|Matt Smith, left, David Tennant and John Hurt are the Doctor.|
Yet it was never entirely just that, and had it been, it's likely no one would be talking about "Doctor Who" today, and far less likely that it would still be on the air in order to celebrate its 50th anniversary.
The BBC's venerable sci-fi series celebrates in grand fashion this week, with repeat airings daily on BBC America, a docudrama about the show's early years ("An Adventure in Time and Space") airing Friday night at 8 and 10, and the much-anticipated 50th anniversary special, "The Day of the Doctor," airing Saturday at 1:50 p.m., 6 and 10.
The special teams up the current Doctor (Matt Smith) and his immediate predecessor, the Tenth Doctor (David Tennant), with a previously unknown incarnation of the Doctor (Oscar nominee John Hurt) who fought in the Time War, a major plot point to which the show has little more than alluded since it returned to the air in 2005 following a 16-year hiatus.
As the Doctor says, travel through time as much as he does and you're bound to run into yourself sooner or later.
"Doctor Who" now occupies so much television history, it's only natural the program has become, to a large degree, about itself rather than about visiting new places and new (and olden) times. Fan-favorite villains return again and again, more of the Doctor's mysterious backstory unfolds, and the Doctor's (normally) human companions become more than simply the audience's point of view.
The Doctor's current traveling companion, Clara (Jenna-Louise Coleman), is a metaphor for the audience throughout the program's history. In the most recent season finale, "The Name of the Doctor," Clara ends up split into an infinite number of fragments along the Doctor's time stream. She's there at every moment of his life — or lives, as the Doctor's case may be. She is invisible to him but always there, worrying about him, warning him and cheering him on, just like the audience does.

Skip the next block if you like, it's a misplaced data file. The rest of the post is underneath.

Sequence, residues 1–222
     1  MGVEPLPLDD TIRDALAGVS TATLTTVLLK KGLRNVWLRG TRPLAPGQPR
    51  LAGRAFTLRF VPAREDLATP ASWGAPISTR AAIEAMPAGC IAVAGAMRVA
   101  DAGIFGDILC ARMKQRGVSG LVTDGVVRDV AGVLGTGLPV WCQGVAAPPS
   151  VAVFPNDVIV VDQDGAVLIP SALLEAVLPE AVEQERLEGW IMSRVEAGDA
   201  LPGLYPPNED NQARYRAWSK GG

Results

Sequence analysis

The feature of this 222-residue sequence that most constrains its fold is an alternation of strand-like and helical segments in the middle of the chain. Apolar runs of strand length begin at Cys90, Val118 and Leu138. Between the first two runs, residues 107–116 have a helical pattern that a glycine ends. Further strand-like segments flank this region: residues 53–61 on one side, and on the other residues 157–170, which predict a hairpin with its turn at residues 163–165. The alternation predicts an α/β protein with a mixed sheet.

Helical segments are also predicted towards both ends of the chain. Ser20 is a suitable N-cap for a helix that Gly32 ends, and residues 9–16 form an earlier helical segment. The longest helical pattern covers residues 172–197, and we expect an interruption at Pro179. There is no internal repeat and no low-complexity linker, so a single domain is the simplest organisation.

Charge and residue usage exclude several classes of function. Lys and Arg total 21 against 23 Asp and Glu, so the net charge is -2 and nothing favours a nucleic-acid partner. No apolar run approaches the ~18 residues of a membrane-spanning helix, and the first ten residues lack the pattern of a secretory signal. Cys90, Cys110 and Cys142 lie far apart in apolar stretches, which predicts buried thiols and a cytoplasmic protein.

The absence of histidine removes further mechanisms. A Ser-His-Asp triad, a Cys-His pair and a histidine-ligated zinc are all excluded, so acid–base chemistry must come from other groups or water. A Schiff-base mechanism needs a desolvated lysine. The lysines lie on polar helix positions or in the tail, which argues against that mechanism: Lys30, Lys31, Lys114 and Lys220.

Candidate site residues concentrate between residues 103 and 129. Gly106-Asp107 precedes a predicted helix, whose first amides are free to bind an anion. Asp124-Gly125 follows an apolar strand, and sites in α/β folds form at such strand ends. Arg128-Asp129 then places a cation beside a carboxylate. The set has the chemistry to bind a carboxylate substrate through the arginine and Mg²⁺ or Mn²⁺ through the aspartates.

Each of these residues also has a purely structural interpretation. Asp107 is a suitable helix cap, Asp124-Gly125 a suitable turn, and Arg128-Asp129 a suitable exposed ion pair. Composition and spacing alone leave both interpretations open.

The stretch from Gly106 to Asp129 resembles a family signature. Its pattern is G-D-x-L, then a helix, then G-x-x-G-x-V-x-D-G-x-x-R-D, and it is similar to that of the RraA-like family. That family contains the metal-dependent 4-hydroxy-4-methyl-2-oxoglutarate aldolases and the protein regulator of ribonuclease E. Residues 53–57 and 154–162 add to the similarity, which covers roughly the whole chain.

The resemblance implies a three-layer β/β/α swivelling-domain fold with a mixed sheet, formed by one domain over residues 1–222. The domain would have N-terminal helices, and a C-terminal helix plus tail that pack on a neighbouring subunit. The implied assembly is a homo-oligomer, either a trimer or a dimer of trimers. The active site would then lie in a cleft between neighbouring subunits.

Critics who complain Clara is a bit of a cipher are missing that that's the point. She must be in order to be the audience, to stand in for millions of fans. Granted, now that she has fulfilled that anniversary-inspired function, she does need a bit more personality of her own.
The ingenious trick of having a lead character who can regenerate into a new body, portrayed by a new actor, has made the show's longevity possible in more ways than one. Apart from allowing "Doctor Who" to carry on when the actor playing the Doctor decides to depart, it has made possible the show's constant evolution, from the mod '60s though the moribund '70s into the stiff-upper-lip '80s and on to today. Every Doctor has his day: same man, same memories but changing with the times.
Long a British institution, "Doctor Who" at 50 is globally recognized, even in the U.S., which was late to the party. In America, "Doctor Who" has gone from Public Television curiosity and jokes about wobbly sets to gracing the covers of Entertainment Weekly (twice) and TV Guide. Getting "Doctor Who" references has replaced getting "Monty Python" references as a mark of Brit pop culture literacy.
It's a long way from the dark days of the late '80s, when "Doctor Who" was in a creative funk, stuck with an increasingly controversial producer and hostile BBC executives who wanted the show dead. Even the few good stories of the period often lapsed into tedious anti-Margaret Thatcher ax-grinding, and the worst story, "The Happiness Patrol," was nothing but.
Which brings us to now. This is not only a historically momentous anniversary year for "Doctor Who" but a year of change. At Christmas, Matt Smith will depart and Peter Capaldi ("The Thick of It") will take up residence as the latest madman in the blue box.
Gone will be Smith's manic Doctor with his bow ties and fezzes, and in his place will be — who knows?
But whoever Capaldi's Doctor turns out to be, he will be the Doctor.